Following a recall of the system that federal safety regulators warned could allow vehicles to act unsafely around intersections and cause crashes, Tesla halted the rollout of its Full Self-Driving beta software in the United States and Canada.
New or pending installations of the FSD beta software, an advanced driver assistance system that costs $15,000, will be halted until an over-the-air software update addresses the issue, Tesla stated on a new company support page. It’s free to update the software.
The company wrote on the support page, “Until the software version containing the fix is available, we have paused the rollout of FSD Beta to all who have opted-in but have not yet received a software version containing FSD Beta.”
Tesla announced earlier this month that it would be recalling some Model S and Model X vehicles from 2016 to 2023; 2017–2023 for Model 3 automobiles; and Model Y vehicles that are either yet to be installed or that are equipped with Full Self-Driving Beta (FSD Beta) software from 2020 to 2023. According to the announcement, the recall, which was made public on the website of the National Highway Traffic Safety Administration, has an impact on as many as 362,758 vehicles that are outfitted with the software.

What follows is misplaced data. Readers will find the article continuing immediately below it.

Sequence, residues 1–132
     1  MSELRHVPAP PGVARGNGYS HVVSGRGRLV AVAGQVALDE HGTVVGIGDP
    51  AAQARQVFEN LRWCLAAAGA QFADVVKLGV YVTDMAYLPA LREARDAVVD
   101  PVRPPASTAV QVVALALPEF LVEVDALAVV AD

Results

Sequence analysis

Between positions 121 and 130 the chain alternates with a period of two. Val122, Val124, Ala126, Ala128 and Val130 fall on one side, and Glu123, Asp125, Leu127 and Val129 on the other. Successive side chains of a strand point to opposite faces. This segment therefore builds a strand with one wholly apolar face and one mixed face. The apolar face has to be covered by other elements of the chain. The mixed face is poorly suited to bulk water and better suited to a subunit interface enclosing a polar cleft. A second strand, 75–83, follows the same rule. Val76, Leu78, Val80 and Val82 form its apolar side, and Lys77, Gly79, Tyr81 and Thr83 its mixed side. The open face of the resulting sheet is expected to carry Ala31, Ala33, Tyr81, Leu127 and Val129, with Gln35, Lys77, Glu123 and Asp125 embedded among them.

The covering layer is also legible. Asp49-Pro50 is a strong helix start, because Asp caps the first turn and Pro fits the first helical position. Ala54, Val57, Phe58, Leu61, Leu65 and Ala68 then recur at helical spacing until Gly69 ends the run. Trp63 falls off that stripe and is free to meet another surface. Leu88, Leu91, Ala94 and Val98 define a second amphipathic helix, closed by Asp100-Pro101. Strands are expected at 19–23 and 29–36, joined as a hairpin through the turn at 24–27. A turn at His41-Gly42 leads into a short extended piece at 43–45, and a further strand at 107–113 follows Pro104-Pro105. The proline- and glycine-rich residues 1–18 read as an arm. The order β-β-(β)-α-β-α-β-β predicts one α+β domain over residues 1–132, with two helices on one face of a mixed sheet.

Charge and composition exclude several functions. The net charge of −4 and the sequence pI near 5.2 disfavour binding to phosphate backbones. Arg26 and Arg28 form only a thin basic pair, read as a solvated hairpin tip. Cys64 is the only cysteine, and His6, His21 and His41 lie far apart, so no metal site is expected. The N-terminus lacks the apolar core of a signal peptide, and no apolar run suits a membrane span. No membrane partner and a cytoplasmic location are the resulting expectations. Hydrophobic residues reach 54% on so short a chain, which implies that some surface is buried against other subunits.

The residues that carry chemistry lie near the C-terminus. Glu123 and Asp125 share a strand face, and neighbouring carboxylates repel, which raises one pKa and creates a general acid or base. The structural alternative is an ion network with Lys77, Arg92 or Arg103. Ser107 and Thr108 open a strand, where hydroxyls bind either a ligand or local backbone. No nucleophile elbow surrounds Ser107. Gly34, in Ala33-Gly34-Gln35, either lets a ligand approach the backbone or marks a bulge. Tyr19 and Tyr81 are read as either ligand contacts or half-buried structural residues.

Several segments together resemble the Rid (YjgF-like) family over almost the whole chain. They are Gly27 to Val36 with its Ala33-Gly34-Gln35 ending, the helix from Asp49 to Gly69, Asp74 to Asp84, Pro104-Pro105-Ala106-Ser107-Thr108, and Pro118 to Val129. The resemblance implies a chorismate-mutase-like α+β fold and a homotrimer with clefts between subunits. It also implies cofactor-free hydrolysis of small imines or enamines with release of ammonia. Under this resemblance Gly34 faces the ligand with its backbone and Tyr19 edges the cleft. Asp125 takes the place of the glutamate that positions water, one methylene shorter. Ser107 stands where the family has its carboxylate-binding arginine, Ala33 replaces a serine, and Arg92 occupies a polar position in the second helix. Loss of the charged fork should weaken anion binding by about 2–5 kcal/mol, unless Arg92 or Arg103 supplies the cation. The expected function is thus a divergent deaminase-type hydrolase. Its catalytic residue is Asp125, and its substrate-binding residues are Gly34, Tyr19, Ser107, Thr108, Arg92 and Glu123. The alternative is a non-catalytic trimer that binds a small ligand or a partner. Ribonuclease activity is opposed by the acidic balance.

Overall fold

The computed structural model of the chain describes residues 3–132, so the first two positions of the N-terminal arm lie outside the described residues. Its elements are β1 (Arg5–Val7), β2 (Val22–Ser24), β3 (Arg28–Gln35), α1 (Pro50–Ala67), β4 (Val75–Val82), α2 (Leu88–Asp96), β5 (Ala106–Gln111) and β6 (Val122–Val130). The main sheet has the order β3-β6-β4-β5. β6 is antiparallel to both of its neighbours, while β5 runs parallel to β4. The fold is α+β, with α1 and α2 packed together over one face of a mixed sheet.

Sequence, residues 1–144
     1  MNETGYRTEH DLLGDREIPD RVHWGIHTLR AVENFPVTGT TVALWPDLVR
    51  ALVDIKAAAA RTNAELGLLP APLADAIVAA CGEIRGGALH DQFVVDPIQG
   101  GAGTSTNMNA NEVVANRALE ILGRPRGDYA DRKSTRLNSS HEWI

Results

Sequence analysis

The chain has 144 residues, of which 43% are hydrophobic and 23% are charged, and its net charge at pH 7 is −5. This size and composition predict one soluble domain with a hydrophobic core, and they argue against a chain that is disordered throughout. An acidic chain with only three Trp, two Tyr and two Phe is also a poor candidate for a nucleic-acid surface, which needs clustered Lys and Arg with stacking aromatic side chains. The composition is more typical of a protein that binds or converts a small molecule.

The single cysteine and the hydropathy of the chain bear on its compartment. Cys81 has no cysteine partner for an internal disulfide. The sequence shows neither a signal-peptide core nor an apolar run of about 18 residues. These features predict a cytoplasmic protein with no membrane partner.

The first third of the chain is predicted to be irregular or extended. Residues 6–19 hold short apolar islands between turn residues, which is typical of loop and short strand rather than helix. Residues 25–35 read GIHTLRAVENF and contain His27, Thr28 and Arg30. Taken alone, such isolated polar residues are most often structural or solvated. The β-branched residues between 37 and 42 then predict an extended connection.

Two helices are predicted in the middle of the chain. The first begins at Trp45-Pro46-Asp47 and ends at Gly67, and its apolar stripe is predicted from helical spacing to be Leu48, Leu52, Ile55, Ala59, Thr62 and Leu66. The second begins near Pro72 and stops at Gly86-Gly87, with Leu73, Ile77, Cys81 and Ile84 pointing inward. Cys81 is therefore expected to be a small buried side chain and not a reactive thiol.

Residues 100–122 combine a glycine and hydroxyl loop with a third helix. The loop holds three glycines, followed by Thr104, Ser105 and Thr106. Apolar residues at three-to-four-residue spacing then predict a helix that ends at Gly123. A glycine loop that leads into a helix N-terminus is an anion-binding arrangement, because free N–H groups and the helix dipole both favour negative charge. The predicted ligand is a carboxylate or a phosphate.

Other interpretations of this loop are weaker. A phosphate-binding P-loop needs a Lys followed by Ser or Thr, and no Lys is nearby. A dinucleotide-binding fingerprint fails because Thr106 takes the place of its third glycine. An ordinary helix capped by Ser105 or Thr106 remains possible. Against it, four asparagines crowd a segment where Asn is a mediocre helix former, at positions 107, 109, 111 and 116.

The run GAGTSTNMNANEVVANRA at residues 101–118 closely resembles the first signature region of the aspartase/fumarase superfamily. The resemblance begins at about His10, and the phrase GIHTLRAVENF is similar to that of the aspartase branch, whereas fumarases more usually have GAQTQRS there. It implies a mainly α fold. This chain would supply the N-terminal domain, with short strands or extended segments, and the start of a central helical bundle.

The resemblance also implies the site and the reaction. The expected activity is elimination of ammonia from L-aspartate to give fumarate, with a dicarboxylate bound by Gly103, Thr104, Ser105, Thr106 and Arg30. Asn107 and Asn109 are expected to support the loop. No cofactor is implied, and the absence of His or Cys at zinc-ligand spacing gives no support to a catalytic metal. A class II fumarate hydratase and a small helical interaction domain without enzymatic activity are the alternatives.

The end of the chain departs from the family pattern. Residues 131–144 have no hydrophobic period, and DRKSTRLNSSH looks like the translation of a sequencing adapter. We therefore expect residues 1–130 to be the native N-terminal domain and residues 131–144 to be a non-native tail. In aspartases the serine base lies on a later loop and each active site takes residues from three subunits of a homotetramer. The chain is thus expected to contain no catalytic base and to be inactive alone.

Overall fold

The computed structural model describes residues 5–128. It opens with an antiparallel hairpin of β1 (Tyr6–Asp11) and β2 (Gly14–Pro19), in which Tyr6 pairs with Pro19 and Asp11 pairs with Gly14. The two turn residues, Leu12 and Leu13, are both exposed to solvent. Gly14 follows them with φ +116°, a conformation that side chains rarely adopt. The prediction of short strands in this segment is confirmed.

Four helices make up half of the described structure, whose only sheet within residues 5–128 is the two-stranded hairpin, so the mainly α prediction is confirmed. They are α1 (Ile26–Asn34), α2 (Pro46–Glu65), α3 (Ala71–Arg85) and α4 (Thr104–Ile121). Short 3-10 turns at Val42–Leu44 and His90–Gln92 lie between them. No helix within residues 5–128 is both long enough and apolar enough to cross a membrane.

Only vehicles in the United States and Canada are affected by this recall. Based on vehicle manufacturing, configuration, and software records, affected vehicles were identified.
Autopilot is the name of the driver assistance system that comes standard on all Tesla vehicles. Owners can purchase “full self-driving,” or FSD, for an additional $15,000, a feature CEO Elon Musk has promised will one day provide fully autonomous driving capabilities. Self-driving Tesla cars are not available.
Instead, FSD includes a number of automated driving features that still necessitate constant driver intervention. Summon, a parking feature, and Navigate on Autopilot, an active guidance system that directs a vehicle from an on-ramp to an off-ramp on a highway, including navigating through interchanges and changing lanes, are also included. Additionally, the system is expected to recognize and respond to stop signs and traffic lights as well as handle steering on city streets.
Notably, the support page for the company acknowledges that the system may occasionally violate local traffic laws or customs while executing these driving maneuvers under certain conditions before the driver can intervene.
On the support page, Tesla also calls FSD a Level 2 system. While this is obvious, it may disappoint shareholders and owners who agree with Musk that the cars will be “self-driving.”
According to standards developed by SAE International, there are five levels of automation. Level 2 indicates that two primary functions, such as adaptive cruise control and lane keeping, are automated while a human driver is always in the loop.